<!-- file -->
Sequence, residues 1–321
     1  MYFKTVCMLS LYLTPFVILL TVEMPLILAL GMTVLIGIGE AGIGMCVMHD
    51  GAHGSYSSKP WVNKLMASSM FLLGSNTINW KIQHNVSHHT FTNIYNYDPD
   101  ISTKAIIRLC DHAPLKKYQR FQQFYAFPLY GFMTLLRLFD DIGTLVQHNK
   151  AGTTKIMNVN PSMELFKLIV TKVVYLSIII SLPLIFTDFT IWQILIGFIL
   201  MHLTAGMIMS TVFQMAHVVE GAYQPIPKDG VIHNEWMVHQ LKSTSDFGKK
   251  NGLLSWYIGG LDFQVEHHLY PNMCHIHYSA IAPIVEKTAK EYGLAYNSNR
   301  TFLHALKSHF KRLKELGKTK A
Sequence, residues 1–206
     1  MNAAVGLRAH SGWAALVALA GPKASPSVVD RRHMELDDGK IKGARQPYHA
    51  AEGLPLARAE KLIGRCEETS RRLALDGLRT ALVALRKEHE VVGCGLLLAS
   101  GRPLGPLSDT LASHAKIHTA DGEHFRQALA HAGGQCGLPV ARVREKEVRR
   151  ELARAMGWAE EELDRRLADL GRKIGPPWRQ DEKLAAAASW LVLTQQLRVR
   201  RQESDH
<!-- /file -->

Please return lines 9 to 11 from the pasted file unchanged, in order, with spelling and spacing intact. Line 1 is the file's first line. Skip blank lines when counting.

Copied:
Sequence, residues 1–206
     1  MNAAVGLRAH SGWAALVALA GPKASPSVVD RRHMELDDGK IKGARQPYHA
    51  AEGLPLARAE KLIGRCEETS RRLALDGLRT ALVALRKEHE VVGCGLLLAS